Last edited by Montmorency; 12-13-2018 at 21:55.
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    Headless Senior Member Pannonian's Avatar
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    Default Re: EXIT NEGOTIATIONS

    Quote Originally Posted by Montmorency View Post
    Bad logic.

    If Corbyn as PM demanded the nationalization of all private property and the deportation of all persons judged to hold a net worth in the 99th percentile to holding facilities in the far north, would you say it is a compromise to proceed with the nationalization but not the gulags? If there is essentially a binary outcome, and all the results fall on your side of the binary, it is laughable to speak of extremism or resistance to compromise by the other side. It is a bad-faith rhetorical trick.

    Now, if you would like to look down Pannonian for holding the values he does, that's your prerogative, and his in turn. But you can't accuse him of resistance to compromise when, aside from not having any power to affect a compromise, the compromises you deign to present all violate his values just as a "compromise" that ensured greater UK political integration into the EU would violate yours.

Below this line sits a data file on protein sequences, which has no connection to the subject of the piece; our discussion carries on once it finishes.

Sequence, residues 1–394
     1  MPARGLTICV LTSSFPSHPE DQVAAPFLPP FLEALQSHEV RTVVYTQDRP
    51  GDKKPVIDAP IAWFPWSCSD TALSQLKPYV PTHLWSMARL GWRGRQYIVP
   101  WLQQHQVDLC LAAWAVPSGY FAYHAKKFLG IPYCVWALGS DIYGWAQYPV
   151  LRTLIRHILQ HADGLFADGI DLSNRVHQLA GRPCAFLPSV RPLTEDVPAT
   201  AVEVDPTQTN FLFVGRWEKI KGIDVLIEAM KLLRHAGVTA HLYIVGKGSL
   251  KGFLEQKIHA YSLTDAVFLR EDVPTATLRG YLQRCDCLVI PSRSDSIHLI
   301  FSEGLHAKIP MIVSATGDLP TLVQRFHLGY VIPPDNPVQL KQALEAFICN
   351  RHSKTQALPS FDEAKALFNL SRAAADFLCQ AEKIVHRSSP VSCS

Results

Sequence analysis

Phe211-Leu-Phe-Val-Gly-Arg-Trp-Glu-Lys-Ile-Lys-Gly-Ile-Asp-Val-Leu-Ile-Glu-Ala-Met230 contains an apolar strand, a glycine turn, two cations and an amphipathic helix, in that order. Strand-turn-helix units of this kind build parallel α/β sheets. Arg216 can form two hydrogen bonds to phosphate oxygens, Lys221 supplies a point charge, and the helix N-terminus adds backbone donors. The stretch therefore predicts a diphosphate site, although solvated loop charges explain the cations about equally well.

Funnily enough, the EU had already compromised with the UK on Furunculus's terms. Increased political integration would not apply to the UK; only other countries. F's complaint was that this would affect the UK's ability to effect power blocs within the EU, as the natural fault lines would leave the UK 1 short. Because these natural fault lines leave the UK short (and note that the support for the EU universally went up across the EU27 following the referendum), he wants revolution which we are patently unprepared for. And on top of that, he blames Remainers. Now this is why I keep reminding Leavers to take responsibility for their win; it is a habit of theirs to blame others for the world not being as they'd want it to be.

  8. #2048
    The Red-titled Forum Administrator Beskar's Avatar
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    Default Re: EXIT NEGOTIATIONS


    (someone else linked this, but the narrative amused me.)
    "We are living in space-age times but there's too many of us thinking with stone-age minds" - Daryl Davis